There are five things you never thought you’d be doing at this time of the year. As I started my list, I realized how improbable they’re going to seem to many of you. Each is a time-sensitive task.
Plant tomato transplants for your fall garden. Plant tomatoes in late June? What a foreboding time. Why would that make our list? Because if you don’t plant them by the Fourth of July, tomatoes won’t have time to make a good crop before frost.
Do the math. Most varieties take 75 or 80 days to produce their first fruit. You can add a week or so to that because of cooler fall weather. But you want more than just one fruit, so figure an additional 6 or 8 weeks. Average date of the first freeze in DFW is mid-November, so do the backward countdown and you’ll arrive at late June/early July.
Buy tough transplants, and rig up a light shade over them for the first several days until they become acclimated to the summer conditions. Fall tomatoes are worth the extra effort!
Choose the same varieties you planted for your spring garden. Best among them: Red Cherry, Sweet 100, Yellow Pear, Porter, Roma, Tycoon, Celebrity and Super Fantastic.
But do call ahead — not all nurseries will have them. Buy from local, independent retail garden centers. National chain stores won’t have what you need this time.
Spot the spots
Use a bottomless 1-gallon milk jug to eradicate dallisgrass in your lawn. This is a great tip someone posted on my Facebook page.
Dallisgrass is the heavy, dark green clumping grass that weasels its way into even well-tended turfgrass. We no longer have a product that will kill the perennial weed without killing our “good grass,” so we are left to spot-treat with a glyphosate-only herbicide (no other active ingredient). Glyphosates do not contaminate the soil. They are only active on foliage.
For precise application of the spray directly to the dallisgrass, cut the bottom out of a 1-gallon plastic milk jug. Take the top off the jug and stick your spray wand down into it. Press the jug firmly over a clump of dallisgrass, then apply the herbicide until it coats the leaves. Carefully lift it up and you’ll have a perfect pattern of the dead dallisgrass.
Sure, it will look untidy for a short while, but the adjacent “good grass” will grow across the bare ground quite quickly.
Have yourself a “splash party” as you check your sprinkler system for needed touch-ups and tune-ups. It’s amazing how many repairs and adjustments you’ll find as you do it.
Heads may have become dirty and aren’t spraying properly. They may be misaligned, spraying water away from your chosen targets. Spring growth may have covered them so they can’t spray at all.
I just found a valve that needed to be replaced. One entire station wasn’t running at all. I do what I can, and I leave the more difficult tasks to the pros.
Watch for pests you can’t even see. This one will turn you paranoid, but here are a few pests that can damage our plants before we even know that they’re there.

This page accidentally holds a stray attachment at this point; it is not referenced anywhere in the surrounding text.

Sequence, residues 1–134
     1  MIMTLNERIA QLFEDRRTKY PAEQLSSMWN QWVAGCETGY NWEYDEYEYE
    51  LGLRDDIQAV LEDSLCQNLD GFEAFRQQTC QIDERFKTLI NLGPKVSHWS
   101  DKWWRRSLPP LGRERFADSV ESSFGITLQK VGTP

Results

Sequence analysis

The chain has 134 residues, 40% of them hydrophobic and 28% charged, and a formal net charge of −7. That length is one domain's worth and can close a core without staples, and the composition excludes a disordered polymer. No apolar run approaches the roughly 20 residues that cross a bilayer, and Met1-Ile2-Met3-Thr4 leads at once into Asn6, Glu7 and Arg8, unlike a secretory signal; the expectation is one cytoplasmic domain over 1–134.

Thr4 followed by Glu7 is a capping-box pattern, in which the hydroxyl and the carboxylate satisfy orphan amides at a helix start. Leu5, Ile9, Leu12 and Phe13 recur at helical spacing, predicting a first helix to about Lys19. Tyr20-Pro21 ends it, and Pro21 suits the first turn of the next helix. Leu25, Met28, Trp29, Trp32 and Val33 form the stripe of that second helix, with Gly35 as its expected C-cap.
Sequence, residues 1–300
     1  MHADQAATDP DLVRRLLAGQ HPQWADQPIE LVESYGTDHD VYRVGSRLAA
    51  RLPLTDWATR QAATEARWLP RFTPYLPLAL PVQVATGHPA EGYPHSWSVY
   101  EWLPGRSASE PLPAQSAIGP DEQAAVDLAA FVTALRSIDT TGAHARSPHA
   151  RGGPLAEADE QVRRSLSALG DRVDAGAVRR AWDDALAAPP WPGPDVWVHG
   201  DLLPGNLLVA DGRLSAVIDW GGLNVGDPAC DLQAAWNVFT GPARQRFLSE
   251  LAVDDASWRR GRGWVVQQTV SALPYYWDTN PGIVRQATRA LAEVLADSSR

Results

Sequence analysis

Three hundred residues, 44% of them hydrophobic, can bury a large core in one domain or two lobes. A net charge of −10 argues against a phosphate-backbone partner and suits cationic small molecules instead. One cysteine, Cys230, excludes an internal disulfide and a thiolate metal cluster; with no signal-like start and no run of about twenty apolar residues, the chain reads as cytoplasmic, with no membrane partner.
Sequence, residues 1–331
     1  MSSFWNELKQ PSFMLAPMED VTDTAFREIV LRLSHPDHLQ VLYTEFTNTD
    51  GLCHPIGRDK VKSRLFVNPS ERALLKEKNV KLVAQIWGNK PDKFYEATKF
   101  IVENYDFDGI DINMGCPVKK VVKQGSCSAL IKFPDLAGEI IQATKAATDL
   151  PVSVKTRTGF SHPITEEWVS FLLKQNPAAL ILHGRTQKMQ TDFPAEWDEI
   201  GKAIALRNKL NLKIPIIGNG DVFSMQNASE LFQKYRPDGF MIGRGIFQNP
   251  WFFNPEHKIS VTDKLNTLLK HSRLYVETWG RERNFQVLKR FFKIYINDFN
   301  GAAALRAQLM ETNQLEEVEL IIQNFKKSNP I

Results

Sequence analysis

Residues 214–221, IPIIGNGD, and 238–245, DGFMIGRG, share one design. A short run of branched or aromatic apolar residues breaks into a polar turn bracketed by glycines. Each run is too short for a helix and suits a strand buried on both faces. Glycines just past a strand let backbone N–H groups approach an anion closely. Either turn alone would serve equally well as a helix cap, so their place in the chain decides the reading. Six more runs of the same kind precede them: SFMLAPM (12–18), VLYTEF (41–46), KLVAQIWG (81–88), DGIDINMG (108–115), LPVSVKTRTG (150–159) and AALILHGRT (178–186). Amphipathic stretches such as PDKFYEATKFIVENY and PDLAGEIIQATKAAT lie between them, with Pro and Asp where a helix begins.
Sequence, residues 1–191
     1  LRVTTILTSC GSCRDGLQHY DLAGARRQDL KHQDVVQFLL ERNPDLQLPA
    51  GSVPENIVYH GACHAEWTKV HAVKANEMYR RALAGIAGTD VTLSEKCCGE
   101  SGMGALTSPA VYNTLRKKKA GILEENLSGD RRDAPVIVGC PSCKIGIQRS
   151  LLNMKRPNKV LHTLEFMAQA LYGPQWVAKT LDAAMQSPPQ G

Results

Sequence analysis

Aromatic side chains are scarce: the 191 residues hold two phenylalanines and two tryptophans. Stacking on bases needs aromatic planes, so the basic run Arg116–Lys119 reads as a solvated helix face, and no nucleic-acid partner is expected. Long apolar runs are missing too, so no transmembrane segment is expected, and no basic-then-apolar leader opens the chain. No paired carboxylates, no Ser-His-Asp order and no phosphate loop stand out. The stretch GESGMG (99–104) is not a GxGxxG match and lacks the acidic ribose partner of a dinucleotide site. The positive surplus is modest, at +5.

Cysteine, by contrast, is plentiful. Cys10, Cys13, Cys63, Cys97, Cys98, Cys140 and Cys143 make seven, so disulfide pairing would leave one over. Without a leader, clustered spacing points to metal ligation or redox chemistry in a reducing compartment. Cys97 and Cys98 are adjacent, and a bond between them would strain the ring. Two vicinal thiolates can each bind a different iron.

Lace bugs turn leaves of pyracanthas, cotoneasters, Texas sage, sycamores, bur oaks, azaleas, Boston ivy and a host of other plants light tan in small speckles. You’ll see black specks on the backs of the leaves (excrement), but you’ll rarely see the cellophane-like pests that are actually doing the damage.
Contact insecticides will work well on them now, but the damage may be done for this year. A systemic insecticide applied in early June next year would be better.
Spider mites will turn lower leaves of marigolds, tomatoes and many other plant species yellow, then tan, then dried and crisp. If you thump a suspect leaf over a sheet of white paper, you’ll see almost microscopic pests start to move about. Most general-purpose insecticides will reduce their populations significantly.
Aphids, lace bugs and other insects secrete sticky honeydew. When those pests are high in trees, you’ll see the tiny driplets that make you think you’re seeing a fine rain. But that honeydew accumulates to the point of coating patio furniture, vehicles and even pavement below.
A systemic insecticide applied in early June would have helped, but at this point, it’s probably more effective to clean off the mess and park the vehicle somewhere else. Spraying to kill them would be costly or cumbersome (or both).
A real heartbreaker
Possibly remove rose bushes. This is not a message anyone wants to hear. But if your roses failed to bloom properly this spring, and if you’ve been seeing lots of abnormal buds and leaves this year, your plants probably have the fatal rose rosette virus and cannot be saved.
The longer you leave them in place, the more you’ll be helping the virus spread to others’ landscapes and rose gardens.
Do a web search for “aggie horticulture rose rosette virus” and you will find tons of useful information. I also have a full discussion on the home page of www.neilsperry.com. This disease has become an epidemic in North Texas over the past five years.